While walking along the shores of the “Tricksy River” that never seems to end (read: the sea), Moogh meets a mermaid who tricks him into joining her in the depths as her people’s sacrifice to pacify the Great Trench Kraken. Moogh, however, does not take kindly to being tricked, or to giving up. He fights the kraken on its own terms, divorced from his trusty sword Grawk.

This story was a lot of fun. It had a Pratchett-ian sense of irreverence that I love in humorous fantasy. For instance, Moogh, the ultimate dumb jock, tells his mermaid captor that “It is the duty of every man to embrace his nature but also live in harmony with the nature of others,” but when she calls him wise, he admits that he has never understood it, and can only recite it because the wise man of his village beat him with a stick. The ending may be predictable, but it is delightful and I’ll be looking for more of Moogh’s adventures. ~Kate Lechler

fantasy book reviews science fiction book reviews
fantasy book reviews science fiction book reviewsIndigara by Tanith Lee (2007)

I’m a big fan of Tanith Lee’s, so it pains me to report that her novella Indigara is not even recognizable as her work. The story is a far-future science fiction adventure in which a girl named Jet is forced to accompany her family to Ollywood, a city that is a parody of Hollywood, because one of her vain sisters (whom Jet calls a “bitch on wheels”) has a small role in a movie. The rest of Jet’s family is totally focused on all the superficial Ollywood gossip and antics, so Jet and Otis, her robotic dog, are on their own. That’s how they discover Indigara, a city that lies under all of the film studios. Like Robert Holdstock’s Mythago Wood, the city created itself out of the costumes, sets, props and actors that were left after SFF movie and TV pilots failed. They have taken on a life of their own. Meanwhile, as the actors live in their fantasy world, their shadows still inhabit the real world.

Indigara has such a cool concept. I liked the underground world and what it represents, the Hollywood satire, the novella’s odd structure (there are journal entries, movie scripts, and even subtitles) and the idea that people who get lost in a fantasy world are not living life to the fullest. Unfortunately, the concept is way more interesting than the story is. Jet’s disjointed adventure is not entertaining at all and the characters are one-dimensional and annoying. Jet, the most likeable character, says immature and obnoxious things such as “Go and jump up your own butt.” The shallow characters, the clichéd movie plot, and the pathetic dialogue are purposeful satire, but that didn’t make it an entertaining story. Honestly, it’s hard to believe that Tanith Lee wrote this.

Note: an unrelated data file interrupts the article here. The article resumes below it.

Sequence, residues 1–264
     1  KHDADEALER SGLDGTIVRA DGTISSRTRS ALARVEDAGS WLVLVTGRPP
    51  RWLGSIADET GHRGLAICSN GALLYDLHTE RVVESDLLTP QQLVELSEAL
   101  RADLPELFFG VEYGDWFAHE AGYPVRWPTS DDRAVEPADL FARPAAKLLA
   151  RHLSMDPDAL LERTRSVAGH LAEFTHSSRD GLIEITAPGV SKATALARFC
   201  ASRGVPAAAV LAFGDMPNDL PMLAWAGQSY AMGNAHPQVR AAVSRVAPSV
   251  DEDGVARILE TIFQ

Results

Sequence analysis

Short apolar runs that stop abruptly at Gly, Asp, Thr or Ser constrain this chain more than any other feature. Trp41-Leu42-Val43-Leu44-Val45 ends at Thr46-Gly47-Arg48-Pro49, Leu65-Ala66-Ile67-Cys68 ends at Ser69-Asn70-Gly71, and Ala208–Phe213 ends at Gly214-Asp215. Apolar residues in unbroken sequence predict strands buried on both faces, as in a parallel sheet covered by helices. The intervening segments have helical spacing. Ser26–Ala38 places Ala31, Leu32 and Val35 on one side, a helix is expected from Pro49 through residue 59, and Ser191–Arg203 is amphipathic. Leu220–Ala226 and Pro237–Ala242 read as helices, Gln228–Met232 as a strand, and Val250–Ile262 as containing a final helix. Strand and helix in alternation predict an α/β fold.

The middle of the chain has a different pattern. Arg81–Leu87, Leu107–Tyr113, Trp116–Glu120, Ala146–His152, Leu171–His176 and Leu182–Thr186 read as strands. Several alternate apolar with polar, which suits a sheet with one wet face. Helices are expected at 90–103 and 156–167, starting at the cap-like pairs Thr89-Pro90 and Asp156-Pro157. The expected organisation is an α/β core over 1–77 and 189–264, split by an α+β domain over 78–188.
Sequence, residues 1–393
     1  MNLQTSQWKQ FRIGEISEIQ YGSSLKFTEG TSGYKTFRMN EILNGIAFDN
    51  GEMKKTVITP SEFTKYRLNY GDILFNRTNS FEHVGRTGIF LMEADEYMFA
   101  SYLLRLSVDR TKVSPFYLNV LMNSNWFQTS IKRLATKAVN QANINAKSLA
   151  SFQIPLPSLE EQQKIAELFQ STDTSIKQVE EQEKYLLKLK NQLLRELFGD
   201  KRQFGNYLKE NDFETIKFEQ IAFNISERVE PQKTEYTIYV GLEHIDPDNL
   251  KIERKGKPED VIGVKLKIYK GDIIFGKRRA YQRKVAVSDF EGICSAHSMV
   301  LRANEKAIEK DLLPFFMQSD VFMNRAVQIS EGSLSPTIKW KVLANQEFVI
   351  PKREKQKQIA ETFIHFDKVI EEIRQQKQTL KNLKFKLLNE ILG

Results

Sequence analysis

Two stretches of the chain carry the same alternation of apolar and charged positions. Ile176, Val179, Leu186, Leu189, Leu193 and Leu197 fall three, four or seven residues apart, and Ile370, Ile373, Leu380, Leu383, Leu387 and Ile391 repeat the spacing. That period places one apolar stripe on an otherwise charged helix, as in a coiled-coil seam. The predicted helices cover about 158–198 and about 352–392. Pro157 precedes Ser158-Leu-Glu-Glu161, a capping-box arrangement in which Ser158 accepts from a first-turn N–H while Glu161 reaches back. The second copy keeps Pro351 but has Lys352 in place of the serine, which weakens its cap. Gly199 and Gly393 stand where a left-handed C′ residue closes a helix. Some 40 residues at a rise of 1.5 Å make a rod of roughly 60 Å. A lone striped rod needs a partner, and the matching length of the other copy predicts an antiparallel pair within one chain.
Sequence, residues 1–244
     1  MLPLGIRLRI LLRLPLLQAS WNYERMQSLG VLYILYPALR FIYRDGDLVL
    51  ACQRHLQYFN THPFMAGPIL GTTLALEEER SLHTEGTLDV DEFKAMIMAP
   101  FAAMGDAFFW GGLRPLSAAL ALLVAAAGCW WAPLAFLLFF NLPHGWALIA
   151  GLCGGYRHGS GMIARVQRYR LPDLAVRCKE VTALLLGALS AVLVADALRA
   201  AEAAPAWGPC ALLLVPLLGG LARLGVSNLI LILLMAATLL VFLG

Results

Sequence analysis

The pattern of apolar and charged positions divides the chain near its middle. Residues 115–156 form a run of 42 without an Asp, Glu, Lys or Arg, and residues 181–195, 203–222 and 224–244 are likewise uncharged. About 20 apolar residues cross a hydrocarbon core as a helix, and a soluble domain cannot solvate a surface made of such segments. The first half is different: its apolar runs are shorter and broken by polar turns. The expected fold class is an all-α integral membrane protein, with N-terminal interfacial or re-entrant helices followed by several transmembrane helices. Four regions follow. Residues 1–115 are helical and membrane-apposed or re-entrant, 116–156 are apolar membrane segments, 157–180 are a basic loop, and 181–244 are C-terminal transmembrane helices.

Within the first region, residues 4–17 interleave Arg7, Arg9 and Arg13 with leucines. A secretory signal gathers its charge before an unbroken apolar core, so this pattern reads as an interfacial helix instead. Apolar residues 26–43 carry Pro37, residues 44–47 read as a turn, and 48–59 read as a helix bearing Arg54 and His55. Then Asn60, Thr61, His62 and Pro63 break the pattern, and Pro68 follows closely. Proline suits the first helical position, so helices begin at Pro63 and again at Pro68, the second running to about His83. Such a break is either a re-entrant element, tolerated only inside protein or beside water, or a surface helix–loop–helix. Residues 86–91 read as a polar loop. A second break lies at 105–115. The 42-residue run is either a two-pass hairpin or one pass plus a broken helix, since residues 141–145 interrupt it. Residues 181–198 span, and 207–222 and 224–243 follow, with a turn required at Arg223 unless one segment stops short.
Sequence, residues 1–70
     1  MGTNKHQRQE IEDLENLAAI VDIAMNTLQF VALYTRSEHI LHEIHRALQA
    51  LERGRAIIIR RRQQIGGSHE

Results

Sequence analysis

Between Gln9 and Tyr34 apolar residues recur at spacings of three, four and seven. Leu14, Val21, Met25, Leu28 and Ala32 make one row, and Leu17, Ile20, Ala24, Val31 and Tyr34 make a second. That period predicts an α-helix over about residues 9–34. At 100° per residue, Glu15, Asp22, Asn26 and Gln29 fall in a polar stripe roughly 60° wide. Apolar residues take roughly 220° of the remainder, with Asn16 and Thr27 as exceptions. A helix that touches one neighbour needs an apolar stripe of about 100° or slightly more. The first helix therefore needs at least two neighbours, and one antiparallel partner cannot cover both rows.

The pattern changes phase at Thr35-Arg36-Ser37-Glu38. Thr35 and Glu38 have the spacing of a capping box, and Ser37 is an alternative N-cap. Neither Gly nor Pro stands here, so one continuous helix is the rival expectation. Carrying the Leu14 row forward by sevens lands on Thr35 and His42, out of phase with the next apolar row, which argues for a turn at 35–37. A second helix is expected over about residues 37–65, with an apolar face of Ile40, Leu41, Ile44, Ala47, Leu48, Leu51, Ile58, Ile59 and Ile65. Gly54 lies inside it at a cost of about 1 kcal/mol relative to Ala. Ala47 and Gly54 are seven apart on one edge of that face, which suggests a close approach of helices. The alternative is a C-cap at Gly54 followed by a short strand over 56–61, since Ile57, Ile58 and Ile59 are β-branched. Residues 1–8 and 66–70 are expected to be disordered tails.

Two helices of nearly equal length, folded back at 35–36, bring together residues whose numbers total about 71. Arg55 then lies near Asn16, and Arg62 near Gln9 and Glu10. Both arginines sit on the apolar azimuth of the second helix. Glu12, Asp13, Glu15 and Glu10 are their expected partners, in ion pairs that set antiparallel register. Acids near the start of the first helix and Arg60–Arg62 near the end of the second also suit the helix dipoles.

I listened to the audio version read by Amy Palant, who does a good but not spectacular job. It’s just under 4 hours long. ~Kat Hooper



  • Kate Lechler

    KATE LECHLER, on our staff from May 2014 to January 2017, resides in Oxford, MS, where she divides her time between teaching early British literature at the University of Mississippi, writing fiction, and throwing the tennis ball for her insatiable terrier, Sam. She loves speculative fiction because of what it tells us about our past, present, and future. She particularly enjoys re-imagined fairy tales and myths, fabulism, magical realism, urban fantasy, and the New Weird. Just as in real life, she has no time for melodramatic protagonists with no sense of humor. The movie she quotes most often is Jurassic Park, and the TV show she obsessively re-watches (much to the chagrin of her husband) is Buffy the Vampire Slayer.

  • Tadiana Jones

    TADIANA JONES, on our staff since July 2015, is an intellectual property lawyer with a BA in English. She inherited her love of classic and hard SF from her father and her love of fantasy and fairy tales from her mother. She lives with her husband and four children in a small town near the mountains in Utah. Tadiana juggles her career, her family, and her love for reading, travel and art, only occasionally dropping balls. She likes complex and layered stories and characters with hidden depths. Favorite authors include Lois McMaster Bujold, Brandon Sanderson, Robin McKinley, Connie Willis, Isaac Asimov, Larry Niven, Megan Whalen Turner, Patricia McKillip, Mary Stewart, Ilona Andrews, and Susanna Clarke.

  • Kat Hooper

    KAT HOOPER, who started this site in June 2007, earned a Ph.D. in neuroscience and psychology at Indiana University (Bloomington) and now teaches and conducts brain research at the University of North Florida. When she reads fiction, she wants to encounter new ideas and lots of imagination. She wants to view the world in a different way. She wants to have her mind blown. She loves beautiful language and has no patience for dull prose, vapid romance, or cheesy dialogue. She prefers complex characterization, intriguing plots, and plenty of action. Favorite authors are Jack Vance, Robin Hobb, Kage Baker, William Gibson, Gene Wolfe, Richard Matheson, and C.S. Lewis.